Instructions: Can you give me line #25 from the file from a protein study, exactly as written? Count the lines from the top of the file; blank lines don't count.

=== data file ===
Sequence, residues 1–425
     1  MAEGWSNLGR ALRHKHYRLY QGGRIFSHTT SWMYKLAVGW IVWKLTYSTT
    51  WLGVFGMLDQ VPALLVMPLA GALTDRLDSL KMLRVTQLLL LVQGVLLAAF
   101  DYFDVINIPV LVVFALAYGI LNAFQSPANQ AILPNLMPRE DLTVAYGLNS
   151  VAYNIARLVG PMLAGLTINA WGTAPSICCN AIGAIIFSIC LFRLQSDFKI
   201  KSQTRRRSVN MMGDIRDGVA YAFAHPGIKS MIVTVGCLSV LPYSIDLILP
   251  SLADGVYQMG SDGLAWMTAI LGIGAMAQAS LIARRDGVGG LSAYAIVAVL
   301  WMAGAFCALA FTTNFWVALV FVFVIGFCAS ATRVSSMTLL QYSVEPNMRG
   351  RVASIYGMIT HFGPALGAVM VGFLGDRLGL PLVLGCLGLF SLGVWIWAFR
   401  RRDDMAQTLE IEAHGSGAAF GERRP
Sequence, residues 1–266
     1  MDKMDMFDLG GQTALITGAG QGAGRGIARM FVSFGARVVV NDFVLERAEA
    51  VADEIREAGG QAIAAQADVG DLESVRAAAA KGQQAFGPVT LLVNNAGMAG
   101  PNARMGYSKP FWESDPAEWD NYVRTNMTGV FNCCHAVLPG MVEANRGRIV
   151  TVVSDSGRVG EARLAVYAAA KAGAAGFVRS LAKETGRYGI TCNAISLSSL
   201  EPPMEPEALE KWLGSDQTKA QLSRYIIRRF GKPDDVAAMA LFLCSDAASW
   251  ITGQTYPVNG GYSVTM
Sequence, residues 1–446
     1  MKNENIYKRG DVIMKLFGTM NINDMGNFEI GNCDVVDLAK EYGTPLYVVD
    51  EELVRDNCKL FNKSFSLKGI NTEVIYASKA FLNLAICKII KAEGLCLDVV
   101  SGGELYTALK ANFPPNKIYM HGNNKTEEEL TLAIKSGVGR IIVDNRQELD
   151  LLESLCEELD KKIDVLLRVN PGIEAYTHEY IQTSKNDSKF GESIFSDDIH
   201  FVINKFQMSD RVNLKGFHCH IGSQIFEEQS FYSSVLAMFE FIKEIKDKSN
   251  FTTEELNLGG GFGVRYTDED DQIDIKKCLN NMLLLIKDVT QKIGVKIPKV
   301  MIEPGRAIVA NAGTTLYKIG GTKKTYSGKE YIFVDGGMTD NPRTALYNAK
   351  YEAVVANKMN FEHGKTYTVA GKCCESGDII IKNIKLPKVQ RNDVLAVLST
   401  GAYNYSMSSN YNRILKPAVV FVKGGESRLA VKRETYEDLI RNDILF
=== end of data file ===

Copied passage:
   301  MIEPGRAIVA NAGTTLYKIG GTKKTYSGKE YIFVDGGMTD NPRTALYNAK